Sometimes, when reviewing books regularly there is an almost fixed template in your mind to construct your thoughts and feelings about a book. You provide an overview of the waxing and waning of a plot, the strength of the characterisation, the use of location and so on to formulate your critique. However, occasionally you are confronted with a book where you cannot resort to this more simplistic template, and even begin to question your own ability to find the words to describe your reading experience of the book in question. This is the dilemma I faced with Arab Jazz. So I will bumble on in my own sweet way- bear with me reader…

I read this book a few weeks ago immediately in the aftermath of the horrific events in Paris which stunned and shocked us all. Perhaps reading this book at such an apposite time provided me with a more visceral reaction to the book, but in hindsight, the strong messages that Miske conveys throughout the book regarding religious tolerance and intolerance are entirely in tune with the contemporary social tensions raised by religious difference. Casting its light on three secular groups, comprising of Muslims, Jews and Jehovah’s Witnesses, Miske provides a balanced and objective study of all three, impartially conveying to the reader the best and worst aspects of all and the protagonists linked to each. Instead, he succinctly reveals the human failings and frailties of each, the black shadow of fundamentalism, and the propensity for greed and violence no matter what faith or race defines you. The melting pot of characters, and the differing natures of their personal interactions form the very heart of this novel, across faiths, class, occupations and even continents (as the action pivots out to America) , thus transcending this book above any conventional tag of a ‘crime novel’, and leading us to the beating heart of a multicultural, multi-faith contemporary European city. In some ways this feels like a love letter to Miske’s adopted city, powerfully illustrating the frustrations inherent in modern society, but by the same token, replete with a sense of the author’s love for this complicated and multi-faceted city. It works beautifully when combined with the socio-political issues of the book, and our own newly formed perceptions of Parisian society.

The central crime of the novel is the hook to add all of Miske’s weightier issues on to, and works well with this in mind. With his two disparate police protagonists- both strong and engaging characters- the plot unfolds at a good pace, slowly inveigling the separate groups of characters that Miske introduces us to, with their singular ways of life and beliefs. The opening murder also gives the author the added scope to introduce a most tentative and heartfelt, albeit slightly stumbling, love affairs that I have ever read, that carries all the simplistic honesty of those great love affairs from classic fiction, and adds a residual warmth to the more weighty issues that Miske addresses.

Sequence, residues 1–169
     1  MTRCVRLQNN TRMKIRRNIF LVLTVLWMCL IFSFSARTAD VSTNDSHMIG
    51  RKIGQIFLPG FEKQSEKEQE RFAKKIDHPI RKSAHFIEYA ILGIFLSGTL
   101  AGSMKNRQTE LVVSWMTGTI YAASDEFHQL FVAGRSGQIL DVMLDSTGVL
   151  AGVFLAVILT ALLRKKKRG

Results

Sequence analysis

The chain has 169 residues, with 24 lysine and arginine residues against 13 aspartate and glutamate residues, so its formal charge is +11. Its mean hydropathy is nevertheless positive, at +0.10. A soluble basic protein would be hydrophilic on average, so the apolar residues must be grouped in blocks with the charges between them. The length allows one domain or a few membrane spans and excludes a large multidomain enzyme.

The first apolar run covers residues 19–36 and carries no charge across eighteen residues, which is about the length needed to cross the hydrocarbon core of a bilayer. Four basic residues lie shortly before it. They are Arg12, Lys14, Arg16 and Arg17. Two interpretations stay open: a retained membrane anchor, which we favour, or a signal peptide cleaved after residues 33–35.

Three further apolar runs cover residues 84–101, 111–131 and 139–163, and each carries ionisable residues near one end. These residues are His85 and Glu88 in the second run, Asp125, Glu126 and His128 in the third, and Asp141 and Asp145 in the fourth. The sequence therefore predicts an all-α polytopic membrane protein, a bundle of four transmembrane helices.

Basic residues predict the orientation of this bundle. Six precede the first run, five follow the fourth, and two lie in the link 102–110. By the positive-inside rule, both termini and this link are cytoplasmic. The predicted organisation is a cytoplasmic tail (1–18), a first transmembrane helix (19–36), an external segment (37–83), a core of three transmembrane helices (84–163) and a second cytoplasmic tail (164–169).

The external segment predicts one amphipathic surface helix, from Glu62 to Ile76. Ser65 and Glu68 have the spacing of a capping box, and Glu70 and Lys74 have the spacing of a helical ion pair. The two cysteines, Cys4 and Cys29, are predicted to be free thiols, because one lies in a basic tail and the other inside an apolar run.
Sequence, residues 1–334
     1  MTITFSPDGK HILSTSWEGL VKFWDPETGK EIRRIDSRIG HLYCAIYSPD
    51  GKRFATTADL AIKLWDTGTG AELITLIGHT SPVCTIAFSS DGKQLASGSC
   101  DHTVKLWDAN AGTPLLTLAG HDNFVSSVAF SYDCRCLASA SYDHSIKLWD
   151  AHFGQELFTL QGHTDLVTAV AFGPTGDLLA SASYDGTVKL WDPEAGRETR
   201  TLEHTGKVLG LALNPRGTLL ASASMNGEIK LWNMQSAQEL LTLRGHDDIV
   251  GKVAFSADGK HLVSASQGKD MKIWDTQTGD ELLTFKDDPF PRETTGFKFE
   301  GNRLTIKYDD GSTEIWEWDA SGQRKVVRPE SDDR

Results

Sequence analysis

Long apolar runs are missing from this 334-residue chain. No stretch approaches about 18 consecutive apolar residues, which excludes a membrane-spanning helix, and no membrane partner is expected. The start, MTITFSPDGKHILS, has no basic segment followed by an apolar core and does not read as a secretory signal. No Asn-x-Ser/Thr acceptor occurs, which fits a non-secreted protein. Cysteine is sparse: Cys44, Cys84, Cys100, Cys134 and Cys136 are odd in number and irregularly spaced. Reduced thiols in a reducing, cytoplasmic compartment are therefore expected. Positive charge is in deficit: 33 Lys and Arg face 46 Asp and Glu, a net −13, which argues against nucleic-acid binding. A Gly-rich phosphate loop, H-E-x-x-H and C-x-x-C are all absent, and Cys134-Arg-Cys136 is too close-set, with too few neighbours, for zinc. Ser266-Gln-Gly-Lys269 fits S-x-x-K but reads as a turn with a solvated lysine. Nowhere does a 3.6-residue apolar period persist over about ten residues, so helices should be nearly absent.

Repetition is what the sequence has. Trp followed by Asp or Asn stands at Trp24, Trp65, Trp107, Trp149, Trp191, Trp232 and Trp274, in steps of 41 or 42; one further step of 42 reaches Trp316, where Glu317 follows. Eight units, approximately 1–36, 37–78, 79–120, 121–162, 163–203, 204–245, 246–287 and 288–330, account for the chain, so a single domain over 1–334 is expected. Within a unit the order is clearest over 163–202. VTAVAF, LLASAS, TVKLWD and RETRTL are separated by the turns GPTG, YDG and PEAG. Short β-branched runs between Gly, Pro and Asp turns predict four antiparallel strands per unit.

This is an intelligent, multi-layered and objective novel, that will make you think and increase your awareness of the differences that lay at the heart of any modern society. Aside from a few less fluid passages- perhaps slightly lost in translation- the book consistently flows in pace and plot. You will feel emotionally invested in the character’s lives, and most importantly of all feel that you have read a book that deserves to be read. And if this one doesn’t feature in my books of the year, I will eat my own foot. Possibly.

Born in 1964 in Abidjan to a Mauritanian father and a French mother, Karim Miské grew up in Paris before leaving to study journalism in Dakar. He now lives in France, and is making documentary films on a wide range of subjects including deafness, for which he learned sign language, and the common roots between the Jewish and Islamic religions. He runs a Senegalese restaurant in the 11th arrondissement and has started writing TV scripts. Arab Jazz is the author’s first novel. Visit the author’s website here

Follow this link to hear an upcoming BBC Radio 3 programme (11/2/15) featuring Karim Miske and Aatish Taseer talking about contemporary France.

(With thanks to MacLehose Press for the reading copy)